A glowing jellyfish floats in a starry sea. Instead of floating in water, what appears to be a translucent sea creature is actually a dying star surrounded by rings of glowing gas in this new image from NASA’s Wide-field Infrared Survey Explorer.Explore the image of NGC 1514, also known as the Crystal Ball Nebula. The object is a close pair of dying stars; so close WISE cannot distinguish between them. Two unusual dust rings, shown in orange, surround the stars as well as other material, shown in green. The WISE telescope shows astronomers the universe in infrared light. The telescope basically sees heat, so what we see in this picture isn’t actually what our eyes would see. Astronomers have given certain wavelengths of light certain colors so we can better understand what we are seeing. In the image at the left, we see the Crystal Ball Nebula as our eyes see it through ground-based telescopes.
NGC 1514 is located about 800 light-years away toward the zodiacal constellation Taurus, the Bull. Taurus is one of thirteen constellations that the Sun moves through throughout the year.
NGC 1514 is a planetary nebula. As stars similar to our Sun reach the end of their lives, they puff off their outer layers. A white-hot core called a white dwarf is all that is left behind. As the bubble expands, the white dwarf star floods the surrounding region with intense radiation causing the gas to glow like a neon sign. Far in the future, this dead star will eventually fade as it becomes a warm ember. Our Sun will not reach this stage of its life for another 4 billion years or so.
Sometimes these bubbles of gas and dust form round orbs surrounding the star. Other times, butterfly shapes appear. But in other cases, when two stars are involved, the puffing out of gas becomes more complex. The two rings are new to astronomers. Scientists speculate that the rings formed when jets of material from one of the stars hit walls of a bubble of dust surrounding the other star.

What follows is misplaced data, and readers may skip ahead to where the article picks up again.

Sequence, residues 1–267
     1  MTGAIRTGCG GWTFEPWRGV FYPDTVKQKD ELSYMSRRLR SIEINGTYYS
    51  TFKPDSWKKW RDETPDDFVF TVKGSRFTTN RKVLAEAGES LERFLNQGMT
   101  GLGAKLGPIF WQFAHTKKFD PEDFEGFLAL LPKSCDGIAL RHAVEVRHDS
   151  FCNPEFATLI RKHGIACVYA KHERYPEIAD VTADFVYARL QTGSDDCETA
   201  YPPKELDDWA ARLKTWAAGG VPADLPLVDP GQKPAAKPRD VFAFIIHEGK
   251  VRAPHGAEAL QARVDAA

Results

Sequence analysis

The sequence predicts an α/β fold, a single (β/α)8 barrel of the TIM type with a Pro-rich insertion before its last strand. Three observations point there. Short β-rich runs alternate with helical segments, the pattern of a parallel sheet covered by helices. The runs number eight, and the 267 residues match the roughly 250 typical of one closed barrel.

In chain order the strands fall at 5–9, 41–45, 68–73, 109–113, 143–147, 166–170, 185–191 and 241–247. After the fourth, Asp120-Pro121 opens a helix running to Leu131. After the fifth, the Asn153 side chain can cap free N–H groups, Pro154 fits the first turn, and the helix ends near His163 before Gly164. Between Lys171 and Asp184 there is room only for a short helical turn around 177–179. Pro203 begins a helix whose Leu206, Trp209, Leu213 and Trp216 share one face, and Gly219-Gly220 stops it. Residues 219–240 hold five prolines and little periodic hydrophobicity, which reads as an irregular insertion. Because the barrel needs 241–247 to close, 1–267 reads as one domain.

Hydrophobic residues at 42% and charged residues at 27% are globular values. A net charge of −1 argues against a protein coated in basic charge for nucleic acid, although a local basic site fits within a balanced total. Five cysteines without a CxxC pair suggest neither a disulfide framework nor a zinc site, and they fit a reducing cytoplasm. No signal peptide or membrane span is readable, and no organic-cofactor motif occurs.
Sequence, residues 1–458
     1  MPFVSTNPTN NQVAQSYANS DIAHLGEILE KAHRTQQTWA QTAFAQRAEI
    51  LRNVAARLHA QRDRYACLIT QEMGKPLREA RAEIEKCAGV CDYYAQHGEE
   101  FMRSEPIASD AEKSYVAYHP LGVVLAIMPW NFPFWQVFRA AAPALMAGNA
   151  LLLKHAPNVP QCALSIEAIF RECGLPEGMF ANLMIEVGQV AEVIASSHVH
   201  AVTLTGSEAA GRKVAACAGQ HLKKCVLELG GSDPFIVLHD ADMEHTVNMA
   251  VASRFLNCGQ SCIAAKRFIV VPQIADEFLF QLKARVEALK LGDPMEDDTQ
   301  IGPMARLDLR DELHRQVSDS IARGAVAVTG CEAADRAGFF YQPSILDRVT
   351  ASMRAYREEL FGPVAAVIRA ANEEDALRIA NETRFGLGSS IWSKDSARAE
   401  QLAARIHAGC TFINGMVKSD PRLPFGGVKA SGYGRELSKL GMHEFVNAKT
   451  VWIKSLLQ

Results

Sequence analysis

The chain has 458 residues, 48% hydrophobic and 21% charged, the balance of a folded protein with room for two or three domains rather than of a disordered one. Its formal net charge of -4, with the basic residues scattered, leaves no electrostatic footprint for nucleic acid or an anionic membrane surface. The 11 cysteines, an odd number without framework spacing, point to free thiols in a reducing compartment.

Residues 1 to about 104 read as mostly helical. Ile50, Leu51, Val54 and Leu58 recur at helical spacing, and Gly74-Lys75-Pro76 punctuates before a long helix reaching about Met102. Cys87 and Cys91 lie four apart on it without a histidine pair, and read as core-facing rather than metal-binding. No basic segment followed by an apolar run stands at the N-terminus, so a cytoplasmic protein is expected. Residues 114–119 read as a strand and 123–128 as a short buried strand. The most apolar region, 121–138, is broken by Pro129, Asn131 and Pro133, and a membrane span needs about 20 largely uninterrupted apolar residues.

Planetary nebula have nothing to do with planets. As astronomers in the 17th and 18th centuries explored and cataloged the sky through new telescopes, they found round, fuzzy objects that resembled the orbs of Uranus and Neptune. British astronomer William Herschel discovered NGC 1514 in 1790. He was surprised to find a “shining fluid” surrounding the object. Originally, he thought that NGC 1514 and other similarly fuzzy objects were clusters of stars. But NGC 1514 convinced him that the blobs were actually a new astronomical phenomenon.
WISE scans the entire sky in infrared light picking up the faint glow of far-off objects. The orbiting observatory is joined in space by two other infrared observatories; NASAs Spitzer Space Telescope and Herschel Space Observatory from the European Space Agency. These infrared observatories detect heat from objects in space, even the barely noticeable heat of a cool star. The WISE mission differs from the other two by scanning the entire sky. Astronomers using this technique have seen all sorts of previously unseen cosmic treasures, such as cool stars, bright galaxies, comets, asteroids that pass near Earth.